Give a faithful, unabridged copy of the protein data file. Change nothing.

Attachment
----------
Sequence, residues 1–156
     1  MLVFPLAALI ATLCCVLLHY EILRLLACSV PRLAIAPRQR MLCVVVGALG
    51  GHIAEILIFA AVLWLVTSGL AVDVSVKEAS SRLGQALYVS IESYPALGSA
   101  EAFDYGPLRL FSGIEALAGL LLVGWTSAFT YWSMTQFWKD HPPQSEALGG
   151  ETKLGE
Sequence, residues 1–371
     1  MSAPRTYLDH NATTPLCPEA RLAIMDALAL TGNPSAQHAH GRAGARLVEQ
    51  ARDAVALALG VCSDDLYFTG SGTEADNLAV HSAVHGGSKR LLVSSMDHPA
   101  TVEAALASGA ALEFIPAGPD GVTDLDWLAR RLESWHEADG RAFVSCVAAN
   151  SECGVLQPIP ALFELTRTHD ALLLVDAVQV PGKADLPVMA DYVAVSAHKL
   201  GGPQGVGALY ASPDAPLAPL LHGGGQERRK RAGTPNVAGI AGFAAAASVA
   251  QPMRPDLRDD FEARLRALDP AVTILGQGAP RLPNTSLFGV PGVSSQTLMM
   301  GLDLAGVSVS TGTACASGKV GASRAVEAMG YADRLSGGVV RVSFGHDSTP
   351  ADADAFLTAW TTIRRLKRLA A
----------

Sequence, residues 1–156
     1  MLVFPLAALI ATLCCVLLHY EILRLLACSV PRLAIAPRQR MLCVVVGALG
    51  GHIAEILIFA AVLWLVTSGL AVDVSVKEAS SRLGQALYVS IESYPALGSA
   101  EAFDYGPLRL FSGIEALAGL LLVGWTSAFT YWSMTQFWKD HPPQSEALGG
   151  ETKLGE
Sequence, residues 1–371
     1  MSAPRTYLDH NATTPLCPEA RLAIMDALAL TGNPSAQHAH GRAGARLVEQ
    51  ARDAVALALG VCSDDLYFTG SGTEADNLAV HSAVHGGSKR LLVSSMDHPA
   101  TVEAALASGA ALEFIPAGPD GVTDLDWLAR RLESWHEADG RAFVSCVAAN
   151  SECGVLQPIP ALFELTRTHD ALLLVDAVQV PGKADLPVMA DYVAVSAHKL
   201  GGPQGVGALY ASPDAPLAPL LHGGGQERRK RAGTPNVAGI AGFAAAASVA
   251  QPMRPDLRDD FEARLRALDP AVTILGQGAP RLPNTSLFGV PGVSSQTLMM
   301  GLDLAGVSVS TGTACASGKV GASRAVEAMG YADRLSGGVV RVSFGHDSTP
   351  ADADAFLTAW TTIRRLKRLA A